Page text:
Eagle hatched in West is taking off for Germany
AGIANT eagle is today leaving its Cornish birthplace to migrate to a new home in southern Germany.
The galvanised metal sculpture, with a 2.5-metre (8ft) wingspan, has been created by Thrussells in their Bodmin Moor workshop for a bird of prey wildlife park in the Black Forest.
Father-and-son team Gary and Thomas Thrussell are known for larger-than-life insect pieces that can be seen in California, Denmark and across the UK, including the
Eden Project. More recently they have been spreading their wings to make birds including a rook for Fowey Town Council in honour of Daphne Du Maurier – one of her most famous creations was the horror story, The Birds, which became a Hitchcock film.
That piece attracted the attention of foreign tourists in the town, leading to a feature on the sculptors in a German magazine and the commission from the millionaire owner of the wildlife park in Triberg.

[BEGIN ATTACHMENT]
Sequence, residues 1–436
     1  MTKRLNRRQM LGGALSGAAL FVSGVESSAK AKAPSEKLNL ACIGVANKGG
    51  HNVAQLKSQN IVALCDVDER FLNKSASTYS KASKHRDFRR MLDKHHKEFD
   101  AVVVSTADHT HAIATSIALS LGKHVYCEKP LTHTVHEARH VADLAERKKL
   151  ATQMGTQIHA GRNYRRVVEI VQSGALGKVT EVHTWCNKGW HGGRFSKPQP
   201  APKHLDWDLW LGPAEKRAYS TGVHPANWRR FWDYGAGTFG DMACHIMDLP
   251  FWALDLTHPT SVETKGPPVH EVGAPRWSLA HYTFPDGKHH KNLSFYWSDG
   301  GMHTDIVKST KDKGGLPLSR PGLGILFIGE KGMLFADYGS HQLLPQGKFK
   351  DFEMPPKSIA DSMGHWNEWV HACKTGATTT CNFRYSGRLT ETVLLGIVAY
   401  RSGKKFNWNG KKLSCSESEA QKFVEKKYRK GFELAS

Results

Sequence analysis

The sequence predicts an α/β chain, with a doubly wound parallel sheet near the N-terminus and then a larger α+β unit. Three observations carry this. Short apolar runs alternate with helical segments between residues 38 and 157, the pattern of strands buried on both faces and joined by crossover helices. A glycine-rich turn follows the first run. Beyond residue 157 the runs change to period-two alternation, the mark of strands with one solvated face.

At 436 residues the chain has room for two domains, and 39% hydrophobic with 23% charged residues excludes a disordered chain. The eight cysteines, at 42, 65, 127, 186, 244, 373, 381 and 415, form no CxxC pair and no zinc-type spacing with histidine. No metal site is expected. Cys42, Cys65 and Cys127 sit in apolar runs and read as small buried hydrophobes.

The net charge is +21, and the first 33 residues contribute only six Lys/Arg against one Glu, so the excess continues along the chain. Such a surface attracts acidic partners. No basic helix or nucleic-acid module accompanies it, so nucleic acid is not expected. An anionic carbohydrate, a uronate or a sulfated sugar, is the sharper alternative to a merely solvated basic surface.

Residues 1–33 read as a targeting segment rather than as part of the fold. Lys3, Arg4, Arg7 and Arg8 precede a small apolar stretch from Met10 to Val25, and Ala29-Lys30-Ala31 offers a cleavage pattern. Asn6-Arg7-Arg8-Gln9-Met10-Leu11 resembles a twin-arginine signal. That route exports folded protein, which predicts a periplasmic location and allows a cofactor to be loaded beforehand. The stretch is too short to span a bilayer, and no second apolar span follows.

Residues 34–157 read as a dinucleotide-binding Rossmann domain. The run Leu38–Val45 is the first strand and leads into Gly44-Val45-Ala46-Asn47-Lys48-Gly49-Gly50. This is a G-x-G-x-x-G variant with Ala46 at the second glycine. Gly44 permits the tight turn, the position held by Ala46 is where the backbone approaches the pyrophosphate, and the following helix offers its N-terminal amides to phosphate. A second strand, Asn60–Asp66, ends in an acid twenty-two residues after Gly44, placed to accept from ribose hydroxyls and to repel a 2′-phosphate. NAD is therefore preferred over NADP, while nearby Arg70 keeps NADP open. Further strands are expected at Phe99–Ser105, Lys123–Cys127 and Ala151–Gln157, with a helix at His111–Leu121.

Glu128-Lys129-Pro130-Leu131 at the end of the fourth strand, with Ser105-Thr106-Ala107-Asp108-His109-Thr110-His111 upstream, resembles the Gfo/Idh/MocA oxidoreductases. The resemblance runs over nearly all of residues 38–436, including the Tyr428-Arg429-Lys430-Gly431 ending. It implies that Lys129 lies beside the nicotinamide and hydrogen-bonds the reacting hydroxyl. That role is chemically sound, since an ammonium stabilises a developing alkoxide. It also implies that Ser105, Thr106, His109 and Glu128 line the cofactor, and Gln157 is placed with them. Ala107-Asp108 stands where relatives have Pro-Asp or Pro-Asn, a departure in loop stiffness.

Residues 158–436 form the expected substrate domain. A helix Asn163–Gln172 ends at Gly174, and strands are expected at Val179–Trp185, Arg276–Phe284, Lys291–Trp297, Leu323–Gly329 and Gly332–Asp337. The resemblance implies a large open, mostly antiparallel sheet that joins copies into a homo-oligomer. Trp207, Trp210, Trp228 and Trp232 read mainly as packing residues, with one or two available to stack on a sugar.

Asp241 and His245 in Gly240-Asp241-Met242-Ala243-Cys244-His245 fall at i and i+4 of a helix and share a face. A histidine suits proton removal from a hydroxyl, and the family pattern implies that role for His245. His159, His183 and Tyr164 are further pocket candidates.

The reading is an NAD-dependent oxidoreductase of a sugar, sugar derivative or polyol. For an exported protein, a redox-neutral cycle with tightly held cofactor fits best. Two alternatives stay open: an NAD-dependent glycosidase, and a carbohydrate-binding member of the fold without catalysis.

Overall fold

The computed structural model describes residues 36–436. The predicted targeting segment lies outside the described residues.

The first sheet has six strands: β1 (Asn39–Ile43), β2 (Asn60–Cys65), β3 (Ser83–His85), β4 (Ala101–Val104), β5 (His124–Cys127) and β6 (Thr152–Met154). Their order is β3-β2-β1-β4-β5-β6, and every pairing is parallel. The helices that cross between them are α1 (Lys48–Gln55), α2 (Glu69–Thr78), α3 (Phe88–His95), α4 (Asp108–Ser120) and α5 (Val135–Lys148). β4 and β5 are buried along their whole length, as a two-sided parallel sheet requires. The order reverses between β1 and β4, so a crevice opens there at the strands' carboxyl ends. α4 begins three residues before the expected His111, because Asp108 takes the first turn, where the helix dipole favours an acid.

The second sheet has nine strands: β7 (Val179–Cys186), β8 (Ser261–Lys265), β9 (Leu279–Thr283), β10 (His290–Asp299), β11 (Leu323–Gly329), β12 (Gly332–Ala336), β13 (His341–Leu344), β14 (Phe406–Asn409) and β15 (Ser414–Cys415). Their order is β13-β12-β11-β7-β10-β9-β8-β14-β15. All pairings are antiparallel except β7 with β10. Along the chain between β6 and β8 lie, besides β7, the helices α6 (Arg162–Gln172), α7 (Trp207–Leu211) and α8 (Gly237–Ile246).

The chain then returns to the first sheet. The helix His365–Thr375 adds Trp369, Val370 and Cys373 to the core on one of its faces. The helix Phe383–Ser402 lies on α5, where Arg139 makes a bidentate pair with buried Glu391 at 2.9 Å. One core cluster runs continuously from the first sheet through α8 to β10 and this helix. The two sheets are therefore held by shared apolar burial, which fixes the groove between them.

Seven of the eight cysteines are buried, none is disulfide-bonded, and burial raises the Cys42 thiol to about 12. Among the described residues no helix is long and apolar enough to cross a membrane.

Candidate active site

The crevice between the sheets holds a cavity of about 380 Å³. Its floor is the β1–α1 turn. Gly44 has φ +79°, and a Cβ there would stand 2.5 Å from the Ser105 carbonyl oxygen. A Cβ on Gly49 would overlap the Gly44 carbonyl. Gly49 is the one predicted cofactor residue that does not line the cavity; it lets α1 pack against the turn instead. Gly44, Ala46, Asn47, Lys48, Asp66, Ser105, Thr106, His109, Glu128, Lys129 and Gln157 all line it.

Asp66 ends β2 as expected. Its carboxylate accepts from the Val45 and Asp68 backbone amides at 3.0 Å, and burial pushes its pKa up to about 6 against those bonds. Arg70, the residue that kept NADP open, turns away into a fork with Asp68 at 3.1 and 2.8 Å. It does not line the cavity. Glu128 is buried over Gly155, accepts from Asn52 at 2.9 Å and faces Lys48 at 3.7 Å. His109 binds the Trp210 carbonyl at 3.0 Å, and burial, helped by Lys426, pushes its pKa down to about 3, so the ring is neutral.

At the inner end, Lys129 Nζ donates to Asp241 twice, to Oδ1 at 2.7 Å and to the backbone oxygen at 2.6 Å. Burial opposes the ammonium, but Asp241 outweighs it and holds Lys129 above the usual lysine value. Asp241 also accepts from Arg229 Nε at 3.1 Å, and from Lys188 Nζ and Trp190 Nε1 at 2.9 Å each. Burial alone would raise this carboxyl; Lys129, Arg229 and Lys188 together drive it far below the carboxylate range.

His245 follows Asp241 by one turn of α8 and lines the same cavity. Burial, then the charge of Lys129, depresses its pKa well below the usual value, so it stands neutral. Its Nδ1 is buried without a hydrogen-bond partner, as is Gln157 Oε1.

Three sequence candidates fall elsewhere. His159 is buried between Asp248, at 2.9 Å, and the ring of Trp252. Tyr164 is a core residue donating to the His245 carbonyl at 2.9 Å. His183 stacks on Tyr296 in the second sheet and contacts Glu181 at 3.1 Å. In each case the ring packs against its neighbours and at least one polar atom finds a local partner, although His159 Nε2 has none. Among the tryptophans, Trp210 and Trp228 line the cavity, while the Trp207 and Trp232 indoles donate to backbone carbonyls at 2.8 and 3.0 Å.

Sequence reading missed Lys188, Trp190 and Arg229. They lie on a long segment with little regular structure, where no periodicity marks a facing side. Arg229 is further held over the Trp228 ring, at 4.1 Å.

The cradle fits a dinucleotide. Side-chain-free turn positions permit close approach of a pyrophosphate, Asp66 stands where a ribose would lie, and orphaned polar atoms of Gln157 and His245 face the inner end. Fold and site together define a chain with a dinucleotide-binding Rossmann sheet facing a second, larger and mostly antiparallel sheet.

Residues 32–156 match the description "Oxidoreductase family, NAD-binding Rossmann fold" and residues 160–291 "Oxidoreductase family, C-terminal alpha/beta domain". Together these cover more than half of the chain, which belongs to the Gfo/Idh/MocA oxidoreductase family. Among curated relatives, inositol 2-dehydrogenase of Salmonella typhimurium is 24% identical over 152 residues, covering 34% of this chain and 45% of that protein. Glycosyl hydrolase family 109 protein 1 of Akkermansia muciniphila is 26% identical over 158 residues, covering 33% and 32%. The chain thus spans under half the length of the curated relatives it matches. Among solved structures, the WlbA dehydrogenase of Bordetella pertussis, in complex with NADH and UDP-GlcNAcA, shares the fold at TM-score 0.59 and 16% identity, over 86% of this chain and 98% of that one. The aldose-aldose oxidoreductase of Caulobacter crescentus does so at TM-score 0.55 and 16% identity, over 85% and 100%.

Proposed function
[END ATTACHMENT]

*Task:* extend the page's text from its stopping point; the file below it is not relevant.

When they started in June, Gary, 60, and Thomas, 32, took inspiration from Sarah Worne’s collection of birds of prey in Fowey, including a North American red-tailed hawk. “It’s actually based on a European sea eagle, but Sarah’s birds helped us get the feathering right,” said Gary. “The deadline was very tight and until you have done all the parts you can’t be sure you have got it completely right.” They were paid £29,000 to create the bird, which with its base weighs more than half a tonne.
“If you divide the money by all the hours of work, it is probably an average wage,” he said.
The two creators are driving the sculpture to Germany in a van. “We are a bit possessive,” admitted Gary.
The eagle will cause a stir in its town-centre home: Triberg is famous for the cry of a smaller bird as a manufacturing base for cuckoo clocks.
> Thomas (front) and Gary Thrussell with the giant eagle, watched by Isie the red-tailed hawk and owner Sarah Worne